COVID-19 Causes Recalibration of Privacy Interests of Personal Health Information

By Margaret Truesdale
April 8, 2020

Ontario generally zealously protects personal health information from disclosure. The Personal Health Information Protection Act, 2004 (the “PHIPA”) contains very stringent controls over the disclosure of personal health information. Personal health information is broadly defined, and includes the physical or mental health of an individual. Health information custodians are subject to a strict regime relating to collection, use and disclosure of personal health information. Health information custodians include laboratories licensed under the Laboratory and Specimen Collection Centre Licensing Act (section 3(1), paragraph 4(iv)), as well as medical officers of health within the meaning of PHIPA (section 3(1), paragraph 6).

Generally speaking, personal health information cannot be disclosed without consent (section 29 of PHIPA), unless specifically provided for by PHIPA. There are detailed exceptions for research, planning and management of the health system, healthcare payments, and analysis of health system. PHIPA does not specifically refer to emergency measures pursuant to the Emergency Management and Civil Protection Act (the “EMCPA”). PHIPA does have a provision which allows disclosure related to risks, where the disclosure could eliminate or reduce significant risks of severe bodily harm to persons or groups of persons (section 40).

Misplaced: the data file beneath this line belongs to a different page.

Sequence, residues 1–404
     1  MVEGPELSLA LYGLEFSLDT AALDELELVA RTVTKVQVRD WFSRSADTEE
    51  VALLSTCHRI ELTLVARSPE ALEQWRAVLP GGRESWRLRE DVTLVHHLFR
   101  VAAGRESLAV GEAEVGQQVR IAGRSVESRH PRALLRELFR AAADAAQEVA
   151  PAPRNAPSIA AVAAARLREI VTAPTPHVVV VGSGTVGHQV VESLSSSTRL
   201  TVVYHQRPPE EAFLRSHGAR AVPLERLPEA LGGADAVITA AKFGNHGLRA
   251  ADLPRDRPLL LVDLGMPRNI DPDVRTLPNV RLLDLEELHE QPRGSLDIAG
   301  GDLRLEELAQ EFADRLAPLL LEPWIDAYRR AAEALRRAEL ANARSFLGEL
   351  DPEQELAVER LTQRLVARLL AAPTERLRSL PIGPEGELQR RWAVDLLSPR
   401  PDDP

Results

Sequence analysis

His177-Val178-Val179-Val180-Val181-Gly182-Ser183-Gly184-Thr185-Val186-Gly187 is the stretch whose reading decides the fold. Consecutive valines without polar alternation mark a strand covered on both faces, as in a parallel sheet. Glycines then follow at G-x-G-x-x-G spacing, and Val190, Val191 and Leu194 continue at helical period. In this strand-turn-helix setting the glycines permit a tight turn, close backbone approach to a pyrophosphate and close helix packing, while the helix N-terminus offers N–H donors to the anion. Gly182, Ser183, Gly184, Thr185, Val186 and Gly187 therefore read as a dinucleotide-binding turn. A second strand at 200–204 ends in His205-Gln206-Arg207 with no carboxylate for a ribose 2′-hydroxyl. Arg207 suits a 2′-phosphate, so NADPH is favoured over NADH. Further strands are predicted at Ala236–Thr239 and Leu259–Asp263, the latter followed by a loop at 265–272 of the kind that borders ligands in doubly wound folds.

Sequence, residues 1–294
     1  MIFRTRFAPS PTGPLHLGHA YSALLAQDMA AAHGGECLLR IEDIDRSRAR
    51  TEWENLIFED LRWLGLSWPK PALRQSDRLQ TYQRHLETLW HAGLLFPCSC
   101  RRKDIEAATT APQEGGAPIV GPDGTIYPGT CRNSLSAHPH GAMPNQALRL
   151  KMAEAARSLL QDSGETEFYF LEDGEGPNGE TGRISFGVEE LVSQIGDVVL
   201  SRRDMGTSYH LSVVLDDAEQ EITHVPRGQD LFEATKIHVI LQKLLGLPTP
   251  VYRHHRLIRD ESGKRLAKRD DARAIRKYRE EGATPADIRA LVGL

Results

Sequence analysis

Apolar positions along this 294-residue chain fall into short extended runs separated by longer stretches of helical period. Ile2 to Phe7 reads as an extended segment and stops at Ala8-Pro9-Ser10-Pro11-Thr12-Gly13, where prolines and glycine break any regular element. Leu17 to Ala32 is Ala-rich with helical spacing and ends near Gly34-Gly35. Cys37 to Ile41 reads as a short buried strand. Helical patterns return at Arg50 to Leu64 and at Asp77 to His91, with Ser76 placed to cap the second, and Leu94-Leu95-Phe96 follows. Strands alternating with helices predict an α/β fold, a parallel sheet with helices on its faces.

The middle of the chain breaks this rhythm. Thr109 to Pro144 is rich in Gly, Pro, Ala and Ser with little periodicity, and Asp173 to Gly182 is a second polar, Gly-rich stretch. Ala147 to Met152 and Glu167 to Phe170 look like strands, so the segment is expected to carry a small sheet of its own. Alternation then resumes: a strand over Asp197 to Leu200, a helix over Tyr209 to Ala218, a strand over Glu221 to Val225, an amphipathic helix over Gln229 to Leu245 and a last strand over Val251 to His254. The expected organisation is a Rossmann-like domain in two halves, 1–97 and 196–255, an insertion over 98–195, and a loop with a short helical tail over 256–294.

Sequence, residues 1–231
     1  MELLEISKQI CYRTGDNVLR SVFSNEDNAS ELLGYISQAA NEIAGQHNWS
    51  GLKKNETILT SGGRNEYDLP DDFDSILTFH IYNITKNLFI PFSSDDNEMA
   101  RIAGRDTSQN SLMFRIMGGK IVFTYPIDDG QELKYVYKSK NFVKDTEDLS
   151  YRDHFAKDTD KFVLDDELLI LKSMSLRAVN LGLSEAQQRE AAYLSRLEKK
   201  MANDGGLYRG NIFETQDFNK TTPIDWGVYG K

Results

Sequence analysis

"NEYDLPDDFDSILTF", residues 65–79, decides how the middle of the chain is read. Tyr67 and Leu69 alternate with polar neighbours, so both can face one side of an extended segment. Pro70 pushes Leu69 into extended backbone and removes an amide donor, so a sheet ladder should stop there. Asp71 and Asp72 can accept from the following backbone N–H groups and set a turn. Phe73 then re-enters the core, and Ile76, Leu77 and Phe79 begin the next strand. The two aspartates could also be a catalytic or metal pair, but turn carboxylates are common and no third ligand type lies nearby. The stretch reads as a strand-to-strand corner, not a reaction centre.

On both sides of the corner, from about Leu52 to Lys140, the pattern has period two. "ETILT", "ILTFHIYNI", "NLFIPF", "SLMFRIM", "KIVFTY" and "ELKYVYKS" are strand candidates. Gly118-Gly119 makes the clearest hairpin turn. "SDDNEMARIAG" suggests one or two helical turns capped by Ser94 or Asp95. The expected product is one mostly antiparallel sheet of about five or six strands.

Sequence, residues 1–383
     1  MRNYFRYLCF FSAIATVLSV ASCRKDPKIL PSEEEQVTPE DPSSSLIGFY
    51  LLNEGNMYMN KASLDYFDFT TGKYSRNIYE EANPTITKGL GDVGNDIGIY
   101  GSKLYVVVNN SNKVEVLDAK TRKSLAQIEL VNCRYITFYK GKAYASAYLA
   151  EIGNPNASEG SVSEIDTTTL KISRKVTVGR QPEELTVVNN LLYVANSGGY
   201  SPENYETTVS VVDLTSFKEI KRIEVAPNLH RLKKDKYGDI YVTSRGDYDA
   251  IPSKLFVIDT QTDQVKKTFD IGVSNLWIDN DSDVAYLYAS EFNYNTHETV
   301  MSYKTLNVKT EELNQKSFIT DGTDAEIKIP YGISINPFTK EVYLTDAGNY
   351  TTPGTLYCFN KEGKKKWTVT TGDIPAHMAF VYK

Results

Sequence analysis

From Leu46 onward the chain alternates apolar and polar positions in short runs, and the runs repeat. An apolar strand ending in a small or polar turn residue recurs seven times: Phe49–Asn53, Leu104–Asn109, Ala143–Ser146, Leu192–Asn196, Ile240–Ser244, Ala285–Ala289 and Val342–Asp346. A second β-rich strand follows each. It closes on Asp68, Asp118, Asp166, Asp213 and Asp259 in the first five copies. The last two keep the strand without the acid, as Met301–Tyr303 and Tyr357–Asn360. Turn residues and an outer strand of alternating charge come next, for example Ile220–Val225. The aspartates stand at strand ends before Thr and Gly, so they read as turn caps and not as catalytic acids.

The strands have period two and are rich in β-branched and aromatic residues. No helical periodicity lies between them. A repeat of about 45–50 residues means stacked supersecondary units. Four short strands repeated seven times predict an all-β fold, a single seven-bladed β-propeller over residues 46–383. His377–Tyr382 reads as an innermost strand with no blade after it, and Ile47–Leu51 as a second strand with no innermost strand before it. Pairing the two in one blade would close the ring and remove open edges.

Given the rapid spread of COVID-19 in Ontario, and the high incident of contagion with respect to healthcare professionals in other jurisdictions, Ontario determined that it was necessary to encroach upon the generally high level of privacy given to personal health information. The Ontario government had already declared an emergency pursuant to section 7.0.1 of the EMCPA on March 17, 2020. On April 3, 2020, the government passed Regulation 120/20 (the “Regulation”). Schedule 1 to this Regulation is entitled “Access to COVID-19 Status Information by Specified Persons”. In particular, the Regulation requires laboratories and medical officers of health to provide specified information with respect to COVID-19 to authorized persons. The authorized persons identified by the Regulation are police officers, a member of a police force, a First Nations constable, a member of a First Nations police service, firefighters, individuals engaged in providing fire protection services, individuals employed in a fire department, paramedics and communications officers pursuant to the regulations under the Ambulance Act.

The specific information that the above-mentioned individuals are entitled to request is an individual’s name, address and date of birth, and whether the individual has had a positive test for the COVID-19 virus.  The Regulation made pursuant to the emergency order also permits disclosure by the Ministry of Health, if the Ministry has developed a system to facilitate access to the required information.

The rationale for this emergency order appears obvious. Given the highly contagious nature of COVID-19 and the fact that the authorized individuals are all first responders of one sort or another, the information can be used by first responders to protect themselves when interacting with individuals who have tested positive for COVID-19 or, at the very least, the information can alert them to their own risk, if they have previously interacted with an individual who has tested positive for COVID-19.